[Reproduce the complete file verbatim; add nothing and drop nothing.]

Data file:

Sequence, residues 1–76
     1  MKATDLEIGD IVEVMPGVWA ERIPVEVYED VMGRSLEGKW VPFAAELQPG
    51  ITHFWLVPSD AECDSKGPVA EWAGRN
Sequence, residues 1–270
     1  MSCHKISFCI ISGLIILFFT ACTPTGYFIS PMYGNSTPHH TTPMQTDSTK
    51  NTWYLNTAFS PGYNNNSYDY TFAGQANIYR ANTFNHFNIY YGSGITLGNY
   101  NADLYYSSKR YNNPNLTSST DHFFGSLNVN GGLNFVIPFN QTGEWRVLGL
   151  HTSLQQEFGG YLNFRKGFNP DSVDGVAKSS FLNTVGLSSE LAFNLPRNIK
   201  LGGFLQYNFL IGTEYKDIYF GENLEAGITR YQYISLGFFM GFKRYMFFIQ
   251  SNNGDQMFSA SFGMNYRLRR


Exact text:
Sequence, residues 1–76
     1  MKATDLEIGD IVEVMPGVWA ERIPVEVYED VMGRSLEGKW VPFAAELQPG
    51  ITHFWLVPSD AECDSKGPVA EWAGRN
Sequence, residues 1–270
     1  MSCHKISFCI ISGLIILFFT ACTPTGYFIS PMYGNSTPHH TTPMQTDSTK
    51  NTWYLNTAFS PGYNNNSYDY TFAGQANIYR ANTFNHFNIY YGSGITLGNY
   101  NADLYYSSKR YNNPNLTSST DHFFGSLNVN GGLNFVIPFN QTGEWRVLGL
   151  HTSLQQEFGG YLNFRKGFNP DSVDGVAKSS FLNTVGLSSE LAFNLPRNIK
   201  LGGFLQYNFL IGTEYKDIYF GENLEAGITR YQYISLGFFM GFKRYMFFIQ
   251  SNNGDQMFSA SFGMNYRLRR